Where ‘theme’ fits into UX development

3 min read

At the heart of any User Experience (UX) design is the ‘theme’ you are instilling into the website visitor’s mind. This makes it an important aspect of any website where consideration is made for UX. Despite this obvious proposition it is important to consider where this fits into the development process.

In my opinion consideration must be given for the required ‘theme’ at the beginning of the creative design process. As once you can conceptualise the ‘theme’ it will ensure consistently throughout the design decisions for your intended UX. In effect this idea then becomes the philosophy that helps inform your design.

There are a plethora of ways you can achieve any particular UX as a designer. The ‘theme’ is what allows you to decide how to achieve this. For example, a website I worked on was for a restaurant that has a young clientele and is based in an area with a large number of young professionals.

With this in mind I aimed to give the website a ‘cartoon’ feel, to show that the restaurant was young in mind and that it was ‘easy-going’. I wanted evoke the feeling of a classic Loony Tunes cartoon – Speedy Gonzales. It’s within the age-group of the clientele, whilst the simple colours and rounded corners work well on the web. This idea was realised through the graphics, colours and typography used in the UX.

To better illustrate this

How UX was achieved
The UX was achieved a few ways, with particular focus placed on typography selection. A popular font within academic publications is Times Roman, and in user surveys of ANZAM members, it was the font identified as the most familiar. That particular font, however, does not translate especially well to monitor reading (as it was developed well before computers, in 1931).

Two typefaces that were developed as monitor-friendly versions of Times Roman are Cambria and Georgia. Their advantage over Times Roman was their extra x-height (which makes them slimmer) and larger size at each pixel range. However, because they are an extension of Times Roman they give the same appearance, and help develop the feel of a scholarly text that I was aiming for.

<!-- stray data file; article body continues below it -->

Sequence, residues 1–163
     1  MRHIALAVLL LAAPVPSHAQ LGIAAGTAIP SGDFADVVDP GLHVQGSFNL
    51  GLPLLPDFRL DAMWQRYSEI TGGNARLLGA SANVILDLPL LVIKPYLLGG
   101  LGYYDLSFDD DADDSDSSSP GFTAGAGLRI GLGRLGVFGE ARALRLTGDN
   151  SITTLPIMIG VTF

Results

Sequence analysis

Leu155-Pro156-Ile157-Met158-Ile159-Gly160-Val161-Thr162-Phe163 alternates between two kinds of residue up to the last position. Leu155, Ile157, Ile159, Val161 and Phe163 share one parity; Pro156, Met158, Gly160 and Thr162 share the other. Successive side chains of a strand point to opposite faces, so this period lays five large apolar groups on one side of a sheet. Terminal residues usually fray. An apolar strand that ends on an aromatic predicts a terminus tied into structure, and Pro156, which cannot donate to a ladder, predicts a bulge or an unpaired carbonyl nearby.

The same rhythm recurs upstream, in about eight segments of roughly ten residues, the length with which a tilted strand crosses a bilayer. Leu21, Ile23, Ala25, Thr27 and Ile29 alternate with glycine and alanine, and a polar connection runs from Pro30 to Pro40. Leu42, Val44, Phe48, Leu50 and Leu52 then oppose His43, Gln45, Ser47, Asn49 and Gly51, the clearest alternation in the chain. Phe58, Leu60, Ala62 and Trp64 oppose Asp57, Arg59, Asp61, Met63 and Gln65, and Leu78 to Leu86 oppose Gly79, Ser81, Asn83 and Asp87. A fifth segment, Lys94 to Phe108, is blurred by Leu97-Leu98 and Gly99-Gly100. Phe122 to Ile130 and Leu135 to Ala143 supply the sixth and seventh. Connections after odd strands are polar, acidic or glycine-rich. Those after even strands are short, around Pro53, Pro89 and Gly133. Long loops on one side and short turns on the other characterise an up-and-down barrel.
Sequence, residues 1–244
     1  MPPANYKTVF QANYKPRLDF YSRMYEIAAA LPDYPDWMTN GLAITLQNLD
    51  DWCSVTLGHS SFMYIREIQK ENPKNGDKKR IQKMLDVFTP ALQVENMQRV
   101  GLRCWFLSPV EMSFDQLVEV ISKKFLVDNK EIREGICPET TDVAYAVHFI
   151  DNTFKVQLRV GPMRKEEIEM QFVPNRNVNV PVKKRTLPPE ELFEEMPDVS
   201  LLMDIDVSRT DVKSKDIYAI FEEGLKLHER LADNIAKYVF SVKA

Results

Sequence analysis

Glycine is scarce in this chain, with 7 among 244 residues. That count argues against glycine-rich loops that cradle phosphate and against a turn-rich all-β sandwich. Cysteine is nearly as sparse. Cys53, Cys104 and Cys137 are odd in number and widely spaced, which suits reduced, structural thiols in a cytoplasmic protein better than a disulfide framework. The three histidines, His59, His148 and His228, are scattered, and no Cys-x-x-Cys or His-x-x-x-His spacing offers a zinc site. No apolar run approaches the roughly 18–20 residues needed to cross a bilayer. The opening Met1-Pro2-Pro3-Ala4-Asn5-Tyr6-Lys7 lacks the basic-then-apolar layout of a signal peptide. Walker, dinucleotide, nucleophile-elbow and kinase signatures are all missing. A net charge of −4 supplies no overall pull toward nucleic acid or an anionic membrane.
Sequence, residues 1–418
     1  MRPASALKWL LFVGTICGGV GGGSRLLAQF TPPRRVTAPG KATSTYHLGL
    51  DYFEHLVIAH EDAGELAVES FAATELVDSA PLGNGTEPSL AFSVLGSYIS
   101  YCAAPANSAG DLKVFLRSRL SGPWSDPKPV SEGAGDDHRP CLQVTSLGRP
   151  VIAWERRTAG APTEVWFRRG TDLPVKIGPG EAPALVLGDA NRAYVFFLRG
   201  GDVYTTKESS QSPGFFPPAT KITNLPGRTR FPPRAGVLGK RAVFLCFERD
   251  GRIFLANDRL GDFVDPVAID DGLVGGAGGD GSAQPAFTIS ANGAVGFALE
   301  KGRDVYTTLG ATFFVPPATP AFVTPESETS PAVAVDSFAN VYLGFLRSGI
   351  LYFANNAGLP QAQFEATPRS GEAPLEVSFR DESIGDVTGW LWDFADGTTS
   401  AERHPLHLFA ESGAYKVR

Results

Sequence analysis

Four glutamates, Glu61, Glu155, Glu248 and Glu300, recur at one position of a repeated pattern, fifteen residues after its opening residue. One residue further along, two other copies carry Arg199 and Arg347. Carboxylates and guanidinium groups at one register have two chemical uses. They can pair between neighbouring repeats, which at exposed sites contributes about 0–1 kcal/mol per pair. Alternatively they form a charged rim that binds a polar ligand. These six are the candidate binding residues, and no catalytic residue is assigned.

I chose Cambria as the lead type over Georgia, as it is slightly slimmer. This allowed the size to be larger, which is better for screen-reading purposes, without leading to a ‘heavy-text’ feel that can result from thick typefaces.

To further underline this experience of a ‘scholarly text’ to the user, I made the titles on the secondary pages very large, with entire bars dedicated to them. With a light background behind it and large degree of space, it not only provides a strong signal to the user about where they are within the site, but also continues the theme of a Times Roman-style typeface. It is this sort of reinforcement of a theme in multiple areas of a site that help maintain the UX.

An additional UX decision that was used to further reinforce the ‘scholarly’ theme was minimalism. Scholarly texts are simple, text-heavy and notable for their columns and sparse use of simple lines to separate elements. Hence the site is largely white, with subtle variations of a grey gradient used as a contrast. This helps support the perception of white space, which in turns supports both the readability of the site and the navigation elements.

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